I came up with this medication cycle idea after I started some new meds recently. Annoyingly, the amount of meds I need to take to keep my body functioning is rising. You might hear from people who are not chronically ill that you’re taking too many medications. There might be something about big pharma in there too. Cue eye roll* What they fail to realise is that without these medications, you can’t sleep, you can’t eat, you can’t get out of bed etc. The list goes on. It is not unusual for a person with a chronic illness to have multiple illnesses or dysfunctions.
This week I decided to do a tongue-in-cheek blog post. I know some of the posts have been heavy of recently. However, these posts are so necessary. But, I promise I will continue to mix things up. I know that the experiences below may not apply to everyone. I have based this cycle on what I and a lot of my spoonie friends experience.
The New Medication
You go to see your GP with some weird symptom. You’ve probably been dealing with this issue for a while but it’s been put on the back burner while you deal with other debilitating symptoms.
You walk out of the doctor’s office with a prescription and you feel relieved that you’ve been taken seriously. It might be weird to healthy people but sometimes the idea of a new medication offering relief from symptoms can actually be exciting.
This is going to the medication that changes my life, you think. This is the one. You’ve probably said this 20 times before but this time, it’s going to work. Your life is going to change for the better. You’ll be able to work again. You’ll have a social life. Basically, you have unrealistic expectations about this medication. You are the kid skipping home from the toy shop, eager to tear open the packaging.
The Waiting Game
It’s not working. That’s it, your hopes and dreams are crushed. Your doctor did warn you that it might take a while for the meds to work but nope, they are just not working at all. You’re frustrated. You throw yourself on the bed in despair, like some Disney Princess who has been locked in a tower.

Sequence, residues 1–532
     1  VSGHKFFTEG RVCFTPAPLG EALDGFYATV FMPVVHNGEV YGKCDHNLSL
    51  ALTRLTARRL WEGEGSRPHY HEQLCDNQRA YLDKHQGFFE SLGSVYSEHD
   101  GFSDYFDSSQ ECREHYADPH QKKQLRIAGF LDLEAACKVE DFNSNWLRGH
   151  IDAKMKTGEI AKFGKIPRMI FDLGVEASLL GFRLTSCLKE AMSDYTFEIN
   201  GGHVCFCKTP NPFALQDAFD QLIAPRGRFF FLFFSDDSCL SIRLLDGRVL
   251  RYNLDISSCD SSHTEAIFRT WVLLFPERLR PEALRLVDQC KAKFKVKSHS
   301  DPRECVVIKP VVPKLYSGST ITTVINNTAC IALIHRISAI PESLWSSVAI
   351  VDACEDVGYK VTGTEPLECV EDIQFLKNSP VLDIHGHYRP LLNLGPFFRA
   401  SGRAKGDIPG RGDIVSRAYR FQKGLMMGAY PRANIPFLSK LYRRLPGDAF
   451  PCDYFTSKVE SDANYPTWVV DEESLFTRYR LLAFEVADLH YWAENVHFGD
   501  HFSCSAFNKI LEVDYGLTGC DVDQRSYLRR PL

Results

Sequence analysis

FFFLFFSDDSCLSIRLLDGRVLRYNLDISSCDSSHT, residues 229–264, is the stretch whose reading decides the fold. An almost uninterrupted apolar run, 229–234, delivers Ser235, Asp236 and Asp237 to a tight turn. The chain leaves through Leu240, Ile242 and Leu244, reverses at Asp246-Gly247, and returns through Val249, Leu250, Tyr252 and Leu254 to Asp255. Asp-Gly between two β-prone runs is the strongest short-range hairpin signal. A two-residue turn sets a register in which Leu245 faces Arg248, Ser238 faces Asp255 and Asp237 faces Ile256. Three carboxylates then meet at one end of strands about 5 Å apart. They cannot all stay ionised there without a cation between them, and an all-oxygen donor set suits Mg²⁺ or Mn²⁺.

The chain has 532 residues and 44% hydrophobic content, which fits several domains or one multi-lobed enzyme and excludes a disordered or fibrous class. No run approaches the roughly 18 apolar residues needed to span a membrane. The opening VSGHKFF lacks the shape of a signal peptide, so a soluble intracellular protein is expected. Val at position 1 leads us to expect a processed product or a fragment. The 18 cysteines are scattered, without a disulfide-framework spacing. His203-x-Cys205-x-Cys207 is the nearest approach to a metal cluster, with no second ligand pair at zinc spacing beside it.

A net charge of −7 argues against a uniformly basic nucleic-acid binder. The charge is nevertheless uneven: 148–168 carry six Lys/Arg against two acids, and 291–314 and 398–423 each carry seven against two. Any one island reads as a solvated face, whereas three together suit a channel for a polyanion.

The Side Effects
You start to notice the original symptoms are not causing you much trouble now but God damn it, you’re starting to experience some new symptoms. Alternatively, your symptoms have become much worse. You take out the perfectly folded leaflet that seems to go on forever. You eventually find the section in your language and the list of side effects is as long as your arm. But, there it is in tiny black writing, the symptoms you’re trying to treat are also side effects of this new medication.
The medication is used to treat dizziness and yet the front warning says “Warning: may cause dizziness”. Like, WTF?
You develop a whole new host of symptoms. The medication that was prescribed to treat your overactive bladder is now causing insomnia and constipation. That’s right, first, you can’t stop running to the bathroom and now you’re lying awake thinking about all the times you could poop with ease.
The. Weight. Gain. Don’t even talk to me about the weight gain. As disabled people with chronic illnesses, it’s fair to say we don’t get out much so you won’t exactly find us hitting the gym five days a week. But also, we may not eat a whole pile of food thanks to some other medication you’re on or illness. Yet, you’re bigger than when you were in college eating 16-inch pizzas by yourself after a night of beer.
For once, I would like a medication that says “Warning: may cause extreme awesomeness”. You know, you wake up with the body of an Olympic swimmer, with a voice like Beyoncé and the baking skills of Mary Berry.
Back to the Doctor
That’s it, you got to go to your doctor and sort this all out but, you’re so tired from not being able to sleep and you’re in too much pain from not having pooped for a week that the very idea of getting up, washed and dressed is the equivalent of a “normal” person running a full marathon. “Be graaaaannnnnddd”, you say. I’ll survive another day.
Back to Square One
It has taken you three whole days to work up the strength to get to the doctor’s office. You sit there in the waiting room anxiously. The memories of not being believed or your symptoms dismissed rise to the surface as they do after years of mistreatment (or rather no treatment at all).
You are finally called in and you sit there, waiting for the doctor to bring your file up and notice the new meds started the two weeks before. You explain that you’re having pretty crappy side effects from the news medications. This is when one of two things will happen.
- You’ll either be given a script for a new medication or
2. You’ll be told that all this type of medication produce these side effects.
If it’s number one? Begin the cycle again. Two? You’re given new medications to treat the side effects and the cycle for those medications begin again. Sometimes, you might be lucky and the new medications might just work.